NEW YORK, March 1 (Reuters) - Mid- and small-cap stocks rose on Thursday, led by consumer shares after retailers reported strong sales and data continued to point to an improving job market.
Shares of a handful of midcap retailers including Guess and Fossil rose more than 3 percent as mild weather spurred the purchase of spring clothing in February, leading to broad sales gains at top U.S. chains.
First-time claims for jobless benefits fell slightly in the latest week to 351,000, keeping the gauge near four-year lows, the Labor Department reported. Still, the upbeat view on the economy was crimped as the U.S. manufacturing sector unexpectedly slowed in February, according to the Institute for Supply Management.
The ISM figure notwithstanding, the brighter economic numbers in the past weeks are supporting equities, said Scott Billeaudeau, portfolio manager at Fifth Third Asset Management in Minneapolis, noting that retailers' stronger performance could be tied to the improving labor market picture.
"You get some people who weren't sure they were going to keep their job spending a little more now," Billeaudeau said.
The S&P MidCap 400 index rose 0.8 percent while the S&P SmallCap 600 index added 0.6 percent. In comparison, the benchmark S&P 500 gained 0.6 percent.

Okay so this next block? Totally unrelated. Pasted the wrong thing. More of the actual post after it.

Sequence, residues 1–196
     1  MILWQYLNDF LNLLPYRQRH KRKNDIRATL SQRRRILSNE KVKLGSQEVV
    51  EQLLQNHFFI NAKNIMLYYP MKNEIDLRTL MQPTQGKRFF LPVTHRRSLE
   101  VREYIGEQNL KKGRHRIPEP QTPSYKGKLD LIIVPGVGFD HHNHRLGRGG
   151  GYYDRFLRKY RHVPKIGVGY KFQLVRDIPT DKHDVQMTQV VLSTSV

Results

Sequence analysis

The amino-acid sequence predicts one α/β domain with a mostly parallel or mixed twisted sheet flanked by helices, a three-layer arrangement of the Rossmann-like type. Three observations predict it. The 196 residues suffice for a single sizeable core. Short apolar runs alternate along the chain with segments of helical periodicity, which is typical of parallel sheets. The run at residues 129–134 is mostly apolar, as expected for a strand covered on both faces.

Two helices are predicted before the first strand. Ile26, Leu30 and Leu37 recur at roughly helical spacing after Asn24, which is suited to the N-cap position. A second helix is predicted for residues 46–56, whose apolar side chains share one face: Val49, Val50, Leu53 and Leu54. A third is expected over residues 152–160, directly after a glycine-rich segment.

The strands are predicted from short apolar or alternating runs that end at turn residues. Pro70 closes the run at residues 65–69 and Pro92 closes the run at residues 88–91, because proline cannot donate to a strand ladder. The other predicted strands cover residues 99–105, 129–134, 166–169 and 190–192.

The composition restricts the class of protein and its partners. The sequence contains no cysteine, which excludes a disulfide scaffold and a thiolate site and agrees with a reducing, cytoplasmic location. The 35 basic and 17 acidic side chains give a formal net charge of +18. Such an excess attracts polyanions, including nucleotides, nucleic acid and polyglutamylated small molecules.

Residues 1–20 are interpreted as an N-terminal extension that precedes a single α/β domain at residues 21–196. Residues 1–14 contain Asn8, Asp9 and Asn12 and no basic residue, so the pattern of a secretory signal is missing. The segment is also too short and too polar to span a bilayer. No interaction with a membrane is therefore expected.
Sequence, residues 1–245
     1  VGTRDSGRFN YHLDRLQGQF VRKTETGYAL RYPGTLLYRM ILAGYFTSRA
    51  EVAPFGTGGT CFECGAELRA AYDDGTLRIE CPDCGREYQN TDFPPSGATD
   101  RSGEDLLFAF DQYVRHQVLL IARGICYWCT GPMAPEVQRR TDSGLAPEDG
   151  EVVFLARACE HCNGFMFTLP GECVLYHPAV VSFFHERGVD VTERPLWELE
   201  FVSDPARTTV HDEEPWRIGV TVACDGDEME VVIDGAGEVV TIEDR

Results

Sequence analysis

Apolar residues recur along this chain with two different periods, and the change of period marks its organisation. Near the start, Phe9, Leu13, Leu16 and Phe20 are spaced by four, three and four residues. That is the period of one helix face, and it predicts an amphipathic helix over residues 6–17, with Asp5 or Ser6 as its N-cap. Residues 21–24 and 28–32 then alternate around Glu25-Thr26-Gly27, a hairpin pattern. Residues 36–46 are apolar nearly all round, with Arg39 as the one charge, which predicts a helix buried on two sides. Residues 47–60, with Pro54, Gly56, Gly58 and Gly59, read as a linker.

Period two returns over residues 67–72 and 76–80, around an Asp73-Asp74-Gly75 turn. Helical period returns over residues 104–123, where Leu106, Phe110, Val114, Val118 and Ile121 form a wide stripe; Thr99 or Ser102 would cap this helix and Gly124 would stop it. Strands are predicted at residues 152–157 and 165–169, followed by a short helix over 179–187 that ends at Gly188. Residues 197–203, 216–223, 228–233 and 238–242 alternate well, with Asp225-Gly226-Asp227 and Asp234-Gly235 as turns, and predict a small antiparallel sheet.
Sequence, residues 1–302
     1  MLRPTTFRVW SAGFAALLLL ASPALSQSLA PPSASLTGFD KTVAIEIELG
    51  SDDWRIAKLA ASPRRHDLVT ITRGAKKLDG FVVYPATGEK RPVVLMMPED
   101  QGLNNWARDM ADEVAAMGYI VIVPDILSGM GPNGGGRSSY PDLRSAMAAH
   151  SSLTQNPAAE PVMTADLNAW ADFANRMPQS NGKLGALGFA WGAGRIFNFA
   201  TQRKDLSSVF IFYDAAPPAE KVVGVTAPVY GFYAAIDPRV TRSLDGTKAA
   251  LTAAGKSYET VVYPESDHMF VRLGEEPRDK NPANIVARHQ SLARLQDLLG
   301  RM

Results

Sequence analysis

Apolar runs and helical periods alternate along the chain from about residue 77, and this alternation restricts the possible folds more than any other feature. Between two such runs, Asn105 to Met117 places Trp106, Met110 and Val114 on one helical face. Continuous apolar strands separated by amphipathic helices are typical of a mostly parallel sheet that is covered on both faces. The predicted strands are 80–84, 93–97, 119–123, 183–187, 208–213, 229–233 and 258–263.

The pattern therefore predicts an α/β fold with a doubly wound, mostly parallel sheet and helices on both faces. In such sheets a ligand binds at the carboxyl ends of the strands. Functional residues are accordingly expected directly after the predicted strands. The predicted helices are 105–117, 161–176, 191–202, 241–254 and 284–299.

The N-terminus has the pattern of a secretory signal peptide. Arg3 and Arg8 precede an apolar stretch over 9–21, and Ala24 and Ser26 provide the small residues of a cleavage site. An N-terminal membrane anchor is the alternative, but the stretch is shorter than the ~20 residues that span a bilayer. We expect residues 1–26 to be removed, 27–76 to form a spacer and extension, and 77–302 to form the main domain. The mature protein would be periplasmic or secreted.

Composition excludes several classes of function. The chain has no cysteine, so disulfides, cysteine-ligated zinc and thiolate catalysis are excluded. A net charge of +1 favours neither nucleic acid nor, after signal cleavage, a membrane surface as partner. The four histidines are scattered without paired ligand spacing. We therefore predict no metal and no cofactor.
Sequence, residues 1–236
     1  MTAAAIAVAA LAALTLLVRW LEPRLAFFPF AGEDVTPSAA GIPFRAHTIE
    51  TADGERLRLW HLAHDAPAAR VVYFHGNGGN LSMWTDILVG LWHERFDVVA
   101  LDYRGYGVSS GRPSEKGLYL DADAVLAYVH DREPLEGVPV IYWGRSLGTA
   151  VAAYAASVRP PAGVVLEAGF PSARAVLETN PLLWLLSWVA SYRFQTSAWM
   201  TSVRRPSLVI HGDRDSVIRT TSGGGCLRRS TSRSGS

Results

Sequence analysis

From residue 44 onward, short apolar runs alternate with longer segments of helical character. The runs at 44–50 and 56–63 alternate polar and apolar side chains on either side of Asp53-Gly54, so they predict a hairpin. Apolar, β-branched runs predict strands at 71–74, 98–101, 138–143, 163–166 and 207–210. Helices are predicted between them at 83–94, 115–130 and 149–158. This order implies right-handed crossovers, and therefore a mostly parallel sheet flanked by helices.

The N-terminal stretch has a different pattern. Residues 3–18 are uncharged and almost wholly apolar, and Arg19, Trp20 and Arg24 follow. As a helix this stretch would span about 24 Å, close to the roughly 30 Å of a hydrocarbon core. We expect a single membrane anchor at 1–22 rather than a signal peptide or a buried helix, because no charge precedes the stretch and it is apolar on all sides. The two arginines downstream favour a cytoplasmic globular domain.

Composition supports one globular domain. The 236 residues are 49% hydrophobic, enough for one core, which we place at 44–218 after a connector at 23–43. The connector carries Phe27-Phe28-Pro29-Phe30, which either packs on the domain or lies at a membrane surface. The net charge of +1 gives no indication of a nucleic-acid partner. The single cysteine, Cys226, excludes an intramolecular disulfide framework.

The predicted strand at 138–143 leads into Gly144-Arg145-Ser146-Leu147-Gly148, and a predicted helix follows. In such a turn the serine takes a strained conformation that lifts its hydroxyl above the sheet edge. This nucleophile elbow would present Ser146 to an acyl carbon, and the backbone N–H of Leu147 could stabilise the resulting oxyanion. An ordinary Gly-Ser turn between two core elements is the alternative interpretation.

Among the best performers in consumer stocks, Fossil gained 3.5 percent to $126.29, Guess was up 3.1 percent at $35.74 and Deckers Outdoor added 5.2 percent to $78.61.
Shares of Liz Claiborne jumped 13.5 percent to $11.10, their highest close since October 2008, after Wedbush Securities started coverage with an "outperform" rating, saying the retailer's decision to change its business model is going to pay off.
Car retailer Lithia Motors rose 4.3 percent to $24.64 and peer Sonic Automotive added 3 percent to $17.65 after Ford Motor and General Motors posted strong sales despite rising gas prices.
On the downside, shares of auction house Sotheby's fell 9.1 percent to $35.75 after it posted a weaker-than-expected quarterly profit. (Reporting by Rodrigo Campos; Editing by Leslie Adler)